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Could A Mobile App Save Your Small Business $14,000 Per Year?

Could A Mobile App Save Your Small Business $14,000 Per Year? image 35fd12ff ed9f 4ea5 a7bf bd7711214df41

Minneapolis 4. Seattle 5. San Francisco 6.

Small Business Owners Don’t Fear The Devastatingly High Failure Rate

By Sara Harold | Business 2 Community –  58 minutes ago Print Could A Mobile App Save Your Small Business $14,000 Per Year?Social media makes many small business owners nervous, as does interacting with users through their mobile devices . For many SMBs, mobile interaction represents more than a new technology; it’s a new paradigm. They don’t want to make costly mistakes, invest resources in a fad or risk embarrassing themselves because they don’t understand the unwritten rules. But SMBs need to take another look at how they engage with people who rely upon their mobile phones today. They simply can’t afford to miss the mobile bandwagon, according to a recent article on tech news site Wired.com.

PHOTO: Denver is the most friendly city to employees of small business, according to a new ranking by CardHub.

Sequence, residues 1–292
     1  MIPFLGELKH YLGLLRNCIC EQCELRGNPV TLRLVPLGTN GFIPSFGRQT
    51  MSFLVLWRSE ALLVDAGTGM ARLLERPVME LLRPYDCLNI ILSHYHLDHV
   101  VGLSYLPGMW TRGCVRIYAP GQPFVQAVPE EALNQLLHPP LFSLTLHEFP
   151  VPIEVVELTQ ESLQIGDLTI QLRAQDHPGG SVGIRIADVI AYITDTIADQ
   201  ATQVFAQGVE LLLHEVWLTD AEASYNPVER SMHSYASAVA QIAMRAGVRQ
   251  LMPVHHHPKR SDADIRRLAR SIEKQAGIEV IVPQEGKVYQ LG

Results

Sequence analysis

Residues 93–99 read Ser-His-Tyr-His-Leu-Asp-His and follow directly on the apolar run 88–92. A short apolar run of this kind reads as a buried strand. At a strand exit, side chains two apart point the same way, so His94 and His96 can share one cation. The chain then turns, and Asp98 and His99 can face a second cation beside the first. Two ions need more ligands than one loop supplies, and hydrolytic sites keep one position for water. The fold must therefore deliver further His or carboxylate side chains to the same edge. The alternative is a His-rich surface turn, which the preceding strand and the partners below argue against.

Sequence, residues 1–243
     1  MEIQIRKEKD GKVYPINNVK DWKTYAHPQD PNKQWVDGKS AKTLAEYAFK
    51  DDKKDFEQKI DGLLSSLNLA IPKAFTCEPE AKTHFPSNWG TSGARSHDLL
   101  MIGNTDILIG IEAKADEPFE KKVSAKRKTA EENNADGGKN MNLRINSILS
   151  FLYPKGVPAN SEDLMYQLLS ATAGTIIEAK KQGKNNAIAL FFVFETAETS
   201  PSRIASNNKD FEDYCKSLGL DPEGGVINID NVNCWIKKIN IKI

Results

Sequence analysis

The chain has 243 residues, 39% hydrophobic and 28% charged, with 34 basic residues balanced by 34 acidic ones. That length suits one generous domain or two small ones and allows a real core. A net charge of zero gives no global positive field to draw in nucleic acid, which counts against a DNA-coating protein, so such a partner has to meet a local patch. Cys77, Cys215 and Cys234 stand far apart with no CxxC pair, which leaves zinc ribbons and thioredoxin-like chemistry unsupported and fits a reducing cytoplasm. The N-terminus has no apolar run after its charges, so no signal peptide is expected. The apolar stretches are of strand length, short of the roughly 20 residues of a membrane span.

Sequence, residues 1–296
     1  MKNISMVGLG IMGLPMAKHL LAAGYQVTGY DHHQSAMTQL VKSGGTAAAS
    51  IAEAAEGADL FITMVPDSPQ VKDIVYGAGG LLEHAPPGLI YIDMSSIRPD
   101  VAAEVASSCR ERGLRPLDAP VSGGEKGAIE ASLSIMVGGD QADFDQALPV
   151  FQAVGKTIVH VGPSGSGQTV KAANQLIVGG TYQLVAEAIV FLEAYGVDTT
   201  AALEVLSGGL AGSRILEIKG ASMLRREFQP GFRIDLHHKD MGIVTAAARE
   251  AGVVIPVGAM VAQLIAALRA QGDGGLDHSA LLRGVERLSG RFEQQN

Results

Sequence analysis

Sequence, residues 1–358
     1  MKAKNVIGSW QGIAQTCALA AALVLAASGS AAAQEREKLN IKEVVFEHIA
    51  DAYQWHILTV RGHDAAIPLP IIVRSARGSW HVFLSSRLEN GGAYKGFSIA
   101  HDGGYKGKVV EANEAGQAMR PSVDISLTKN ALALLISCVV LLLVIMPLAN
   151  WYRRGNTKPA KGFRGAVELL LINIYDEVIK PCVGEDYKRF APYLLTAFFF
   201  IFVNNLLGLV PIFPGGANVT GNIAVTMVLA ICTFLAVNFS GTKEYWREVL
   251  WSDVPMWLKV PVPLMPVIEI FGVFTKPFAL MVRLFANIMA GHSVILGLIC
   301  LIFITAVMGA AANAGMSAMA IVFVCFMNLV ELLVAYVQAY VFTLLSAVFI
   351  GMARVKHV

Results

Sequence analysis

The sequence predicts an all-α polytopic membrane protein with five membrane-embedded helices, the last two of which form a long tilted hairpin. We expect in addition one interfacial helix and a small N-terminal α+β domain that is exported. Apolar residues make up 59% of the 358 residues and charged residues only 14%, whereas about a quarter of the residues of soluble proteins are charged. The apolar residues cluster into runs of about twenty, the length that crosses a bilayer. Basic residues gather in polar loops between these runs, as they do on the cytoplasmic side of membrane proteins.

The survey found: 86% of the respondents believe they can do anything they set their minds to 77% say they would rather learn from failure than never try 89% describe themselves as leaders and 54% say they don’t want a boss Quotes from small business owners further illustrate this point. Tim Carroll, Deluxe’s vice president of small business engagement, provided us with these from Deluxe research: “I worry that changes in legislation will hurt or kill my business, but that’s better than worrying about being fired.” “We’ve made so many mistakes, and we’ve learned from all of them.” “I enjoy taking risks. I’m adventurous, I pursue a life of challenge.” Small business failure rates vary depending on where the statistics are coming from, but Carroll said that generally 50 to 70 percent fail within the first 18 months. But Carroll said small business owners are generally confident people who think they’re in control of their future. “They’re very aware of the risks they’re stepping into,” Carroll said. “They’re supremely confident despite knowing the risks.” Katherine Laurienti, who owns Paisano Sausage Co. and North Denver Sausage Co., gave us her perspective on the mindset of small business owners. “I think all of us think we can do it better than the next guy,” she said.

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